The Iowa City Public Library is happy to welcome its first Guest Blogger, Lisa Edwards.
Growing up, I almost always had a book with me and made time to read often. I loved getting lost in fiction stories, and never thought I would be one for non-fiction books. I thought biographies would be stuffy and boring, and why would I research anything outside of school? As I got older, I got busier (or lazier), and had a hard time even finishing readings for class, so my library card became lonely.
Now that I’ve gone through the motions and graduated college, I find myself craving books and regret skimping on homework in school. Motivated by interests and desire for knowledge, I’ve wandered into the non-fiction section more in the past year than I have in most of my five years of college. From autobiographies to athletic training, I’ve hit a range of topics lately, and I’m going to touch on three of my recent favorites.
10-Minute Toughness: The Mental Exercise Program for Winning Before the Game Begins by Jason Selk – I’ve always been naturally athletic, and very competitive, so I never thought it would be my head that would trip up my feet. A year after living in Iowa City, I joined the Old Capitol City Roller Girls and am now in my fourth year with them. As a chaotic, hard-hitting sport, I knew that I would physically get frustrated, but was utterly paralyzed during a couple of bouts when I mentally gave up. Knowing there was a deeper problem, I set off to the Library in search of sports psychology books. I came across Selk’s book and absolutely loved it. He is not only a performance coach for many professional and Olympic athletes, but provides mental training for the business world as well.
He lays out a very thorough, yet simple plan to help get your mental game into tip-top shape. With a clearer mind and goals to focus on, he helps you get mentally aligned before you ever step on the track/court/field. Even if you don’t follow his exact steps, his stories and words are inspiring and help you train in a different light. Everything he teaches can be applied to life outside of athletics as well.
Bonk: The Curious Coupling of Science and Sex by Mary Roach – This book I picked up and put down multiple times over the last year. It wasn’t that I didn’t like it, I just had limited time and it was one of those reads that you could just pick up randomly. I was dying to finish it though, and that’s why I started it with a book in hand and finished it through an audiobook (Both available in the Library). Roach managed to write almost purely scientific, yet with a touch of humor, and kept it very interesting. I suppose it didn’t hurt that her topic was sex.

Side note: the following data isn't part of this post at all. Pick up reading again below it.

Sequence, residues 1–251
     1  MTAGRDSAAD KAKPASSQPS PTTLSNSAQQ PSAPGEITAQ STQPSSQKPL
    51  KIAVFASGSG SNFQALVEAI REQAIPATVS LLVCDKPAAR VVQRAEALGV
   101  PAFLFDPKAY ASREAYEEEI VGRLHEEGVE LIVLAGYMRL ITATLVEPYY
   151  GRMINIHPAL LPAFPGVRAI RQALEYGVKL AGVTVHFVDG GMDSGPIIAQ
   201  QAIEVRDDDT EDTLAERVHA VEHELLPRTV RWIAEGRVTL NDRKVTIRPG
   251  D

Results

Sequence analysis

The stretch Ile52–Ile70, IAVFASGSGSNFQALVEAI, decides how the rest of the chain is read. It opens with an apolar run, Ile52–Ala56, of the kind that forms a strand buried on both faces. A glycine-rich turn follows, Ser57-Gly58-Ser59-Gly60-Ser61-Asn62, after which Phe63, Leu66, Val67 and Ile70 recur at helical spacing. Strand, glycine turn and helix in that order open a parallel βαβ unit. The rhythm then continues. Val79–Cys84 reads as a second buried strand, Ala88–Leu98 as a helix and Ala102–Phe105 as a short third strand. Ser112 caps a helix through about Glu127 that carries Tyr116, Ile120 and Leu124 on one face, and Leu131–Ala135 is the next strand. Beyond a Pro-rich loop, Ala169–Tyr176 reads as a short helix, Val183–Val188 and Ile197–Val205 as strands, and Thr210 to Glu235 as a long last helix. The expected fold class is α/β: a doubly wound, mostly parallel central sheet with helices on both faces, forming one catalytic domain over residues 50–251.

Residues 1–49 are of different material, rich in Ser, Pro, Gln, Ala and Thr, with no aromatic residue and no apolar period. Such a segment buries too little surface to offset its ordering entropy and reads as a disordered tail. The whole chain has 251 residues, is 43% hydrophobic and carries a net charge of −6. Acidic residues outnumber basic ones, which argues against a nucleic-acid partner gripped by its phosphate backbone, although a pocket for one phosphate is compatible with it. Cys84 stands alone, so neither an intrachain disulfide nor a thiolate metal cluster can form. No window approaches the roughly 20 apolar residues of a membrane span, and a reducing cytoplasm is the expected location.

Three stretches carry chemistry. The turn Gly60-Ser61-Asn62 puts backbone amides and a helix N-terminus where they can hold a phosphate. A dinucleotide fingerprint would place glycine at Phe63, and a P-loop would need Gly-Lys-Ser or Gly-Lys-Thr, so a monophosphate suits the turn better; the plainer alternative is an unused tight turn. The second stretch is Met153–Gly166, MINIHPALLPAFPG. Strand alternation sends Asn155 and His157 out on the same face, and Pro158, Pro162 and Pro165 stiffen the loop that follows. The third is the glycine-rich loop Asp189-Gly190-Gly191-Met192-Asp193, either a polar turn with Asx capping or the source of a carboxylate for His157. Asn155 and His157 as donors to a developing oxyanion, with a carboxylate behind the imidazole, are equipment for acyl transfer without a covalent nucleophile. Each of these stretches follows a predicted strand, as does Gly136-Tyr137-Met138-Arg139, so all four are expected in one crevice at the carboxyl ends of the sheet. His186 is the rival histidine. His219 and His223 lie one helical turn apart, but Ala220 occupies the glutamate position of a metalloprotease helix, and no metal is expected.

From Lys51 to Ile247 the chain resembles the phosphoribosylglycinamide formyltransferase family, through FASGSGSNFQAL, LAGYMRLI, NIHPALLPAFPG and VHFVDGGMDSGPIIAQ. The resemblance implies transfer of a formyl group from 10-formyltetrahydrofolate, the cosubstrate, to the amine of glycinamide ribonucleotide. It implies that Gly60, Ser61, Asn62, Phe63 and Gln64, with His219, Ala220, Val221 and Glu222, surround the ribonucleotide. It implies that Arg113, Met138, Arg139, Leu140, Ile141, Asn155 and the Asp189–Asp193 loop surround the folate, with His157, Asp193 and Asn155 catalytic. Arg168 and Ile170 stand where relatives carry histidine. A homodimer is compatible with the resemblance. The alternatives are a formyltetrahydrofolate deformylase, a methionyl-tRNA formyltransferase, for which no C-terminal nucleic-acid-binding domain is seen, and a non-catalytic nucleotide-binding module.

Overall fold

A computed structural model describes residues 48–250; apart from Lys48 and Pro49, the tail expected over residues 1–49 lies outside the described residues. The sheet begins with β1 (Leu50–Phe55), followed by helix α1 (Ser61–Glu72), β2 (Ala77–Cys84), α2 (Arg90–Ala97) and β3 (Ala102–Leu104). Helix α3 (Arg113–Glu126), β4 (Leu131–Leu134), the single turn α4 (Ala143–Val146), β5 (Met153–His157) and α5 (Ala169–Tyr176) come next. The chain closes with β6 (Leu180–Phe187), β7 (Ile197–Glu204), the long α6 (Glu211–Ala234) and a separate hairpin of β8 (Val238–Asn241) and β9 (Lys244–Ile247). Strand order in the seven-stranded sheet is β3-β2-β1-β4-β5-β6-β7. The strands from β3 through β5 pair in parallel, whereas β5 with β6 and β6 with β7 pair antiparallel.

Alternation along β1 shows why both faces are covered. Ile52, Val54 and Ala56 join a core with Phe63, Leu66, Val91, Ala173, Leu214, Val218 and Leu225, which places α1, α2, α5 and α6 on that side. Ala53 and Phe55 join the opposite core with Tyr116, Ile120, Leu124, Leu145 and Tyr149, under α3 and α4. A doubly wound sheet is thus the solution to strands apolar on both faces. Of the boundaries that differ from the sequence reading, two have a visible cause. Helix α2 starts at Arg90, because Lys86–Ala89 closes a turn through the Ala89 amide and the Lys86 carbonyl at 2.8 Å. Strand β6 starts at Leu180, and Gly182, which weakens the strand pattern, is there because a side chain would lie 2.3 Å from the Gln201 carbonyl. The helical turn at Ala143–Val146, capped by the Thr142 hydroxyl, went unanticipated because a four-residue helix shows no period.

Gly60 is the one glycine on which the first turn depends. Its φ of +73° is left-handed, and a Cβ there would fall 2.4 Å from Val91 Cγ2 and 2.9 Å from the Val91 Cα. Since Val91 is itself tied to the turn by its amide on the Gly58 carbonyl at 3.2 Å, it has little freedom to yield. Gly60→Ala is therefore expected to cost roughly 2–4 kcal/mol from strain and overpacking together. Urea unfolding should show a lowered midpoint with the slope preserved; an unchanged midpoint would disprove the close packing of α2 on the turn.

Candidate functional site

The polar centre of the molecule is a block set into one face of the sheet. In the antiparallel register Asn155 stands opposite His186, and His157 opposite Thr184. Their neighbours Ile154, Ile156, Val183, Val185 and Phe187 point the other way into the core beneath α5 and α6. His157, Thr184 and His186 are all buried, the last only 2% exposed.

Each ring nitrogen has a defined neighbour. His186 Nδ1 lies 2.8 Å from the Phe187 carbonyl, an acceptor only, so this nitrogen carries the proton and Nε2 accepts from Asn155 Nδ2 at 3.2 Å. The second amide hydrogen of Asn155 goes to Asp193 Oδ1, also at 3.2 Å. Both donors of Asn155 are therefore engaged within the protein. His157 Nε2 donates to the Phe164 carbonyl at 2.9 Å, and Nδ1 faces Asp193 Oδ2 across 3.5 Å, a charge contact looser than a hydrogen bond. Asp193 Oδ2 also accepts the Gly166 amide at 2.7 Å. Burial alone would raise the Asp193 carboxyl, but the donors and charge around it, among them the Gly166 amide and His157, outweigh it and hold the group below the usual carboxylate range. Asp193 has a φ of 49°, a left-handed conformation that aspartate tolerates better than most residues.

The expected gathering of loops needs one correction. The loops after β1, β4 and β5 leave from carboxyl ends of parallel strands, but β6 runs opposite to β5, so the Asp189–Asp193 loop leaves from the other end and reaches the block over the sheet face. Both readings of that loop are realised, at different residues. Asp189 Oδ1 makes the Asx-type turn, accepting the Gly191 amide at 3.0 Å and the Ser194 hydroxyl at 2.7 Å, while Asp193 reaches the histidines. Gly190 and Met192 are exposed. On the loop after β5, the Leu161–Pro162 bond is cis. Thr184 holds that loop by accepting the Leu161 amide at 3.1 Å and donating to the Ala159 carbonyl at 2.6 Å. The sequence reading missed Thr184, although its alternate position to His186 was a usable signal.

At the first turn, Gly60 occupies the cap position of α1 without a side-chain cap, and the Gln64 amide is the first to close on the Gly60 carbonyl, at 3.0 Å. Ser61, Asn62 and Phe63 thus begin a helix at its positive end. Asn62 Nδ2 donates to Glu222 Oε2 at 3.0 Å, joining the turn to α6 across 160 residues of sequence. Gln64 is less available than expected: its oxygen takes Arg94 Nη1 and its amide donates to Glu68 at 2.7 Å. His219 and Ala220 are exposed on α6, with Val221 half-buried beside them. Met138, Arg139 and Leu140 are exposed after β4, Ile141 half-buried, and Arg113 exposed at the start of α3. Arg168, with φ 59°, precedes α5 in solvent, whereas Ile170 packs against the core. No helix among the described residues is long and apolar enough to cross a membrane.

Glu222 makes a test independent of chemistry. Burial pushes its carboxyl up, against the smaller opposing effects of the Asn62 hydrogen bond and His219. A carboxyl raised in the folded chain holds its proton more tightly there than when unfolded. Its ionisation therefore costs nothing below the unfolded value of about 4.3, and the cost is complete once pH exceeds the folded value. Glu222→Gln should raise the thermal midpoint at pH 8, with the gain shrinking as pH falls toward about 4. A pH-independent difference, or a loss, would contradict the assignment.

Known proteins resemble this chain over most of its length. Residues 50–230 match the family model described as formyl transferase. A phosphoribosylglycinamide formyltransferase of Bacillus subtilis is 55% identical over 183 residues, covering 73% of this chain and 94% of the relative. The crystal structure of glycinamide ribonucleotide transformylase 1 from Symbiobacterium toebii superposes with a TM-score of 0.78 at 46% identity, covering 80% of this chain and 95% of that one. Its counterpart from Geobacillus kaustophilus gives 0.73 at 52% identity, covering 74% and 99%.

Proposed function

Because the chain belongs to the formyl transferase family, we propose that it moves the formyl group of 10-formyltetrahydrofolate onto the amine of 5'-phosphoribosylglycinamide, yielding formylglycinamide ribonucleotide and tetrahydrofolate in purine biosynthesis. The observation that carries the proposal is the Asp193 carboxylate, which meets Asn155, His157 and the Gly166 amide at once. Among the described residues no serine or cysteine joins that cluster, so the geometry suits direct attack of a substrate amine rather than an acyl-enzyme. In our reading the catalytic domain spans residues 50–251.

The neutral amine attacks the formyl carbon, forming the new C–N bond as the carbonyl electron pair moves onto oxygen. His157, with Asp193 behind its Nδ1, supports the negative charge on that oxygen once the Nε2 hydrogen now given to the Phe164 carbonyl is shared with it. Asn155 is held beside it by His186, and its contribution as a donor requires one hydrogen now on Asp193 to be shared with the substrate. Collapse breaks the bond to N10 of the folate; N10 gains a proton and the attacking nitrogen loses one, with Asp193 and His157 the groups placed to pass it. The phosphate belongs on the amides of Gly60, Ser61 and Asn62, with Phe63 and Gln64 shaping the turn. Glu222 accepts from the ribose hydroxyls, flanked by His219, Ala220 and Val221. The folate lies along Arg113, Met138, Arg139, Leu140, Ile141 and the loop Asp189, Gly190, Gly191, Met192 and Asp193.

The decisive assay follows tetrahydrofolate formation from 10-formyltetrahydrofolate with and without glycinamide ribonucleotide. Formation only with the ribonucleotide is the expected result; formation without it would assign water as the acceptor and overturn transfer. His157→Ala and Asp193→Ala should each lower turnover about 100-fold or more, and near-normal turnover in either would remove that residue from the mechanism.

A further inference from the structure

Sex is obviously a controversial subject and taboo to talk about depending on what decade or culture you live in. You probably never stop to think how so much knowledge about our sexual bodies has come to be, or how those experiments played out. Roach delves into that research and reveals how hard it was (and is) for researchers to be taken seriously about the one topic that drives human life. She traveled all over the world to various libraries, research labs, and pig farms (yes, pigs) to cure her every curiosity. She goes so far as to throw her and her husband into an MRI machine for an experiment. Pick it up for the laughs, and walk away with a little bit more knowledge about your body.
Nerd do well: A small boy’s journey to becoming a big kid by Simon Pegg. I got over my fear of biographies, thinking that they all would read like a history book, by reading a string of books by comedians. Pegg’s autobiography translated his life story in a unique way, by adding a touch of comicly-exaggerated prose, depicting him as a dashing superhero with a robot butler. The chapters would go back and forth between his real life and this imagined one.
I found myself connecting the dots with his background on becoming a comedian, creating Shaun of the Dead, and many other cinematic endeavors. I also found myself dying to know what would happen next in his fiction chapters. After reading this, I feel more inspired to go after what I really want in life. It’s hopeful to hear stories about how people get from one place in their life to another, and reminds me to be patient and keep working hard.
Lisa Edwards is a member of the Old Capitol City Roller Girls. She works as a production assistant and a barista. Edwards is known as Left 4 Deadwards on the flat track, and writes her own blog about roller derby: deadwards.blogspot.com.